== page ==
Vitamin A Supplements
Vitamin A has several important functions, from helping your immune system respond to infections, to allowing you to see in dim light and keeping skin healthy.
For all these reasons, you need to make sure you have enough vitamin A in your diet. This is especially true if you are getting older or are dealing with a condition that limits your ability to get vitamin A into your system.
Vitamin A supplements are sometimes called retinol. They are available in tablet and liquid form to suit your preference.
- Lamberts Vitamin A 5000iu Capsules 120Special Price £8.99 Regular Price £11.95
- HealthAid Vitamin A & D Complex Capsules 60Special Price £6.79 Regular Price £8.49
- HealthAid Vitamin A 5000iu Capsules 100Special Price £7.99 Regular Price £9.99
- Solgar Dry Vitamin A 5000iu Tablets 100Special Price £10.50 Regular Price £15.00
All you need to know about Vitamin A
What is the recommended daily dose of Vitamin A?
Typically, it is advised that men consume 700ug (2300iu) of Vitamin A per day whilst women only need 600ug.
The National Academy of Science in the USA has recently determined that nobody should exceed a dose of 10,000iu of Vitamin A per day. Taking more than this would put you at risk of Vitamin A toxicity if it were taken for a long time.
Does my body store Vitamin A?
Vitamin A is fat soluble. Your body stores it in the Liver and then transports it all over the body to any part that it is needed.
Is it better to take Vitamin A or Beta-Carotene?
The Liver converts Beta Carotene (proformed Vitamin A) into Retinol but this process is quite inefficient. In recent studies it was observed that the body requires 12mcg of Beta Carotene to produce 1mcg of retinol.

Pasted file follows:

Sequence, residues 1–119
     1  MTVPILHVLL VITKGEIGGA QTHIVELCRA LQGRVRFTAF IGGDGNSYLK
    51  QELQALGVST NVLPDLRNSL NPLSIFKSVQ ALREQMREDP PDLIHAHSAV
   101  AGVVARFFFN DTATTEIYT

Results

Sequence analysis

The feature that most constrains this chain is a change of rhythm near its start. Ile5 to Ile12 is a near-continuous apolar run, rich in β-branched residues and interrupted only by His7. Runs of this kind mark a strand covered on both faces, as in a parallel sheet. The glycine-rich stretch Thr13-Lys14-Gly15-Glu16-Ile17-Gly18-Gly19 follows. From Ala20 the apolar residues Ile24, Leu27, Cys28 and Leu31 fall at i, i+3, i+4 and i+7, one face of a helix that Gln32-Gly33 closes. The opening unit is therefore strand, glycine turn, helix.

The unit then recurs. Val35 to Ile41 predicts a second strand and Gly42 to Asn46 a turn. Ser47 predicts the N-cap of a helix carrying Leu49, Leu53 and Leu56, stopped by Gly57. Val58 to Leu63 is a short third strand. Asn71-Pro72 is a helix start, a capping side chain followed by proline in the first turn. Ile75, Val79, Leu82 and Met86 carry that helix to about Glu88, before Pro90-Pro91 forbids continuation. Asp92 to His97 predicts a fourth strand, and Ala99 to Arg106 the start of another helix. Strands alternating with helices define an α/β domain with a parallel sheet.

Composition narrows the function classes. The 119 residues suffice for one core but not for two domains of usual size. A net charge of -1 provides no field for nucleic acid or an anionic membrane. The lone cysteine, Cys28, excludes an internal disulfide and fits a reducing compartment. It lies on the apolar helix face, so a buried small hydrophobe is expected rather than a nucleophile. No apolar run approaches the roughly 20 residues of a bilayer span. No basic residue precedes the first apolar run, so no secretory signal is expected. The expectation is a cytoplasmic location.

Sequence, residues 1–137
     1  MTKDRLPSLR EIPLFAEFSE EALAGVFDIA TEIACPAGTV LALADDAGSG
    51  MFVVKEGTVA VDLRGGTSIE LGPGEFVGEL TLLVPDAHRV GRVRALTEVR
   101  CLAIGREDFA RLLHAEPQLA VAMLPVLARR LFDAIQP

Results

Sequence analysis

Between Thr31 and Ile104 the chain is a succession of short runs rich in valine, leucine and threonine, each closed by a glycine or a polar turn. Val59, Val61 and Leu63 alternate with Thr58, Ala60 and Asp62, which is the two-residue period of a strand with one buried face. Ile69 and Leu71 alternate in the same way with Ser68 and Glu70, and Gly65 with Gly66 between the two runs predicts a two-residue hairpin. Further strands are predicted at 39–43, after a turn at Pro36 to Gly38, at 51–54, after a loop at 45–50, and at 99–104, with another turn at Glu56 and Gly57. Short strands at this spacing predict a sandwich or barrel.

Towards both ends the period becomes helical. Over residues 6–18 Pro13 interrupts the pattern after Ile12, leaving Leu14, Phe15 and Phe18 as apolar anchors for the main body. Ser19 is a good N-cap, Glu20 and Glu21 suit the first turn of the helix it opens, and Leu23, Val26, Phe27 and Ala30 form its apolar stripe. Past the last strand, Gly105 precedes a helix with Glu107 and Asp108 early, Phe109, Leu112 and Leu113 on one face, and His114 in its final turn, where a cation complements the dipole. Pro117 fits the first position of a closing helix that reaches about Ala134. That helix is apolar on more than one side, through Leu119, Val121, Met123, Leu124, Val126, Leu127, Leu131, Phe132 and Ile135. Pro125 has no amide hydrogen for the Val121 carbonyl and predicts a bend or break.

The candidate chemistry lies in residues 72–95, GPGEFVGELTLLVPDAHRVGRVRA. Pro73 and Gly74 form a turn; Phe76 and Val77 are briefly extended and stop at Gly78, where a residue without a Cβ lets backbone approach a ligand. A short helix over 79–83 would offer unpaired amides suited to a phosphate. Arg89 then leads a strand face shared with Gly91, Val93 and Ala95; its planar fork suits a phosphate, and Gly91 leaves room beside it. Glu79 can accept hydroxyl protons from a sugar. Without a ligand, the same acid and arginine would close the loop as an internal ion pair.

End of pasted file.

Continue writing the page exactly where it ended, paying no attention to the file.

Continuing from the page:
That said Beta Carotene is a good antioxidant and some studies have suggested that Beta Carotene intake could improve lung function or even reduce the chances of smokers contracting lung cancer.
Should I avoid the sun if I take Vitamin A?
Vitamin A is converted by the Liver to Retinol. Retinol is good for the skin and promotes the formation of new skin cells. The new skin cells are initially delicate and this is why it is advised to avoid sun exposure. One solution is to only take Vitamin A supplements at night.
Can I take Vitamin A when pregnant?
Generally, this would not be advisable. Large doses of Vitamin A can harm the fetus. In addition, it is advised that pregnant women should not eat food like liver pate as this contains very large amounts of Vitamin A.
What are the risks if I take too much Vitamin A?
The most common issue is bone demineralization. This is when your bones become more brittle and at risk of breaking more easily. This would only be likely to occur after a long sustained period of using too much Vitamin A. If you do not exceed 10,000iu per day then this should not be a cause for concern.